Difference between revisions of "Mersenne prime"

(update largest known Mersenne prime; connection with even perfect numbers)
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For example: The amount of numbers on a 32 bit computer is <math>2^{32}</math>. Then, divide by 2, as there are positive, and negative values. Then subtract one, as zero is one of them, so the largest number on a 32 bit computer is 2,147,483,647. (Not necessarily the largest number displayed, to achieve a higher number, a computer could use a base system other than 2.)
 
For example: The amount of numbers on a 32 bit computer is <math>2^{32}</math>. Then, divide by 2, as there are positive, and negative values. Then subtract one, as zero is one of them, so the largest number on a 32 bit computer is 2,147,483,647. (Not necessarily the largest number displayed, to achieve a higher number, a computer could use a base system other than 2.)
  
As of January 2018, the largest known prime is <math>2^{77,232,917}-1</math>, a Mersenne prime which contains 23,249,425 digits.
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As of December 7th 2018, the largest known prime was <math>2^{82,589,933}-1</math>, a Mersenne prime which contains 24,862,048 digits.
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Another cause of these primes being world record holders, is the dedication of the GIMPS (Great Internet Mersenne Prime Search) project.
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Their first step is to find prime exponents to test (only prime exponents can create primes). This is then followed by Trial Factoring (TF), which is mostly done by the GPUto72 subproject. The special form of candidate factors (<math>2kp+1\equiv \pm 1\pmod 8</math>), as well as the GPU support, allows GIMPS to sieve out prime exponents that have factors less than 72 bits (originally, now pushing 80+) in size, using binary exponentiation.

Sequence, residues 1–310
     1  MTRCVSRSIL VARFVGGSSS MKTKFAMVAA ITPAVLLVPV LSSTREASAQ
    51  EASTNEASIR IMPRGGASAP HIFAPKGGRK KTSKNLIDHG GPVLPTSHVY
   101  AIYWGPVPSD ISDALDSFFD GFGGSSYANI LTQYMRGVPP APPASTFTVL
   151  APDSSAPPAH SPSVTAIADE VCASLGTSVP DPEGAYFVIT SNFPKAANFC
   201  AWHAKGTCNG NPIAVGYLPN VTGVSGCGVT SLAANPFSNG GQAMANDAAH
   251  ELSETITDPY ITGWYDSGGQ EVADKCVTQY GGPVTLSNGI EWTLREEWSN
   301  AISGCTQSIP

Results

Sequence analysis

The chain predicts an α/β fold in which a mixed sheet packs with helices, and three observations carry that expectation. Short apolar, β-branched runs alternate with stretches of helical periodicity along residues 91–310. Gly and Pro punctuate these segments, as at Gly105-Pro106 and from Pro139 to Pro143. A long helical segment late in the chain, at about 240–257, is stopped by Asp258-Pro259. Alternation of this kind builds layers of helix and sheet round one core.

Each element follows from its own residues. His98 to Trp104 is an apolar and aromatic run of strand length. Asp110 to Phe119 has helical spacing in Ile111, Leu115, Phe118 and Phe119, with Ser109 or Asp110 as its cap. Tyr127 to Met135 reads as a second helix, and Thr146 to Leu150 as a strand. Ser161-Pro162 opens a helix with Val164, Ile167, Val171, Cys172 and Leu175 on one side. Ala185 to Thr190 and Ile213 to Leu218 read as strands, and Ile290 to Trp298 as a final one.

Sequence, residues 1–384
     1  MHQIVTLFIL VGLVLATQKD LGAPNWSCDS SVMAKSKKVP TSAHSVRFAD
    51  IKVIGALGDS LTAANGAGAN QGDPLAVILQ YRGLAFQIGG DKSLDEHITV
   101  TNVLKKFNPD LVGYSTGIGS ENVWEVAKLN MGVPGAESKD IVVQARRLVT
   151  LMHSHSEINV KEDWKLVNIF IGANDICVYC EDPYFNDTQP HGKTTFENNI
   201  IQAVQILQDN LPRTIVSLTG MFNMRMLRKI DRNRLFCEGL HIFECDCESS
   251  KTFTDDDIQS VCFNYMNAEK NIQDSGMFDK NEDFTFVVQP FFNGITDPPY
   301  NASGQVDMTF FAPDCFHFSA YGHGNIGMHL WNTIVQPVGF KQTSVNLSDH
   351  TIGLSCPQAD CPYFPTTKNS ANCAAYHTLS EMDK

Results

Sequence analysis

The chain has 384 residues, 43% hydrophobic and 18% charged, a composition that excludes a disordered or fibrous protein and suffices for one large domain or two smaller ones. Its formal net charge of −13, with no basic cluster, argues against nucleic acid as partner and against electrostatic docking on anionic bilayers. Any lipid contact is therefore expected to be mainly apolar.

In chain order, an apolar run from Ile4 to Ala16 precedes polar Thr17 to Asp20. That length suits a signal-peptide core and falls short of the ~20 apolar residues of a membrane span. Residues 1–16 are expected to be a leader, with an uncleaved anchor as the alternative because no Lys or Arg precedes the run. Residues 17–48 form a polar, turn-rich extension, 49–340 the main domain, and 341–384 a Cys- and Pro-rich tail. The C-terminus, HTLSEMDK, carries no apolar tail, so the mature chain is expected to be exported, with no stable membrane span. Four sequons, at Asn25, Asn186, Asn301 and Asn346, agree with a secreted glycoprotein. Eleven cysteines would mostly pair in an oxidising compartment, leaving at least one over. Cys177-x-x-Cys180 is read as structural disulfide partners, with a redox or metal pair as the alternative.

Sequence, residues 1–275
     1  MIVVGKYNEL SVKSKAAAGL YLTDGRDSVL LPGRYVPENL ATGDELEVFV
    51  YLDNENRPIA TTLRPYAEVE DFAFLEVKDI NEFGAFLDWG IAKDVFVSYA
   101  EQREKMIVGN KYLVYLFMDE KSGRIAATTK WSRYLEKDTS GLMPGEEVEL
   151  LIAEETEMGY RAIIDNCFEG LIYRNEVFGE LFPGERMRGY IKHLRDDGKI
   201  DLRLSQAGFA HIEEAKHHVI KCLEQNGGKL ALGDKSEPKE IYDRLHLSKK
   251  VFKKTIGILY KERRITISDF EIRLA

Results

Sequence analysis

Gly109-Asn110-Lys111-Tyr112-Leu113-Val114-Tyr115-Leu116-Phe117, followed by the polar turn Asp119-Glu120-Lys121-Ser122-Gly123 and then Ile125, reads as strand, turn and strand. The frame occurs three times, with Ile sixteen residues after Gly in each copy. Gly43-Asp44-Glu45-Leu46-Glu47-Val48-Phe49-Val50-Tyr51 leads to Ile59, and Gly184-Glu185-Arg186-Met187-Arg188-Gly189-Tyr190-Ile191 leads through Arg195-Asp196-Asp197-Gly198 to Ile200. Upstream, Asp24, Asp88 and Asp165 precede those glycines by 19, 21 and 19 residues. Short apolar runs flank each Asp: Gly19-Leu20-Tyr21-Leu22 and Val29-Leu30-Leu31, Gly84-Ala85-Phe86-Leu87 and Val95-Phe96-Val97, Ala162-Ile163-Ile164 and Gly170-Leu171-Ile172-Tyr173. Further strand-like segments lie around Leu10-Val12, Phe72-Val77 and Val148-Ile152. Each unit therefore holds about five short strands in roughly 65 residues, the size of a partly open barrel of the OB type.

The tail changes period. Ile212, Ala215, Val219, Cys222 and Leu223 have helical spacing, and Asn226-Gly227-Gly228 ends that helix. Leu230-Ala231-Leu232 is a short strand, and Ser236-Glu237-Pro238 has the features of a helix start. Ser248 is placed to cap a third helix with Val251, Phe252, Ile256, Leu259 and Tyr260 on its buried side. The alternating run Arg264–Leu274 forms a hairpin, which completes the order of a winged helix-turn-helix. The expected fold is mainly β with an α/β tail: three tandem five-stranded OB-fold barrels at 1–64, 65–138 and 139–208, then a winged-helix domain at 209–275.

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Next steps would usually include, a modified Pollard P-1, followed by a Probable primality test developed by Robert Gerbicz, and finally an Lucas-Lehmer Primality test with error checking, and its Double check (in case of uncaught error).  
  
 
==Connection with Even Perfect Numbers==
 
==Connection with Even Perfect Numbers==
 
All even [[perfect number|perfect numbers]] are of the form <math>\frac{p(p+1)}{2}</math> where <math>p = 2^k-1</math> is a Mersenne prime, which was proven by Euler in the 18th century.
 
All even [[perfect number|perfect numbers]] are of the form <math>\frac{p(p+1)}{2}</math> where <math>p = 2^k-1</math> is a Mersenne prime, which was proven by Euler in the 18th century.

Latest revision as of 10:29, 26 February 2020

A Mersenne prime is a prime that is in the form of $2^n-1$, where $n$ is an integer. It is named after Marin Mersenne.

These are some of the largest primes known to man due to one main factor: There is an integer bit value set to that, so that the largest number with a certain amount of bits is a form of $2^n-1$.

For example: The amount of numbers on a 32 bit computer is $2^{32}$. Then, divide by 2, as there are positive, and negative values. Then subtract one, as zero is one of them, so the largest number on a 32 bit computer is 2,147,483,647. (Not necessarily the largest number displayed, to achieve a higher number, a computer could use a base system other than 2.)

As of December 7th 2018, the largest known prime was $2^{82,589,933}-1$, a Mersenne prime which contains 24,862,048 digits.

Another cause of these primes being world record holders, is the dedication of the GIMPS (Great Internet Mersenne Prime Search) project.

Their first step is to find prime exponents to test (only prime exponents can create primes). This is then followed by Trial Factoring (TF), which is mostly done by the GPUto72 subproject. The special form of candidate factors ($2kp+1\equiv \pm 1\pmod 8$), as well as the GPU support, allows GIMPS to sieve out prime exponents that have factors less than 72 bits (originally, now pushing 80+) in size, using binary exponentiation.

Next steps would usually include, a modified Pollard P-1, followed by a Probable primality test developed by Robert Gerbicz, and finally an Lucas-Lehmer Primality test with error checking, and its Double check (in case of uncaught error).

Connection with Even Perfect Numbers

All even perfect numbers are of the form $\frac{p(p+1)}{2}$ where $p = 2^k-1$ is a Mersenne prime, which was proven by Euler in the 18th century.

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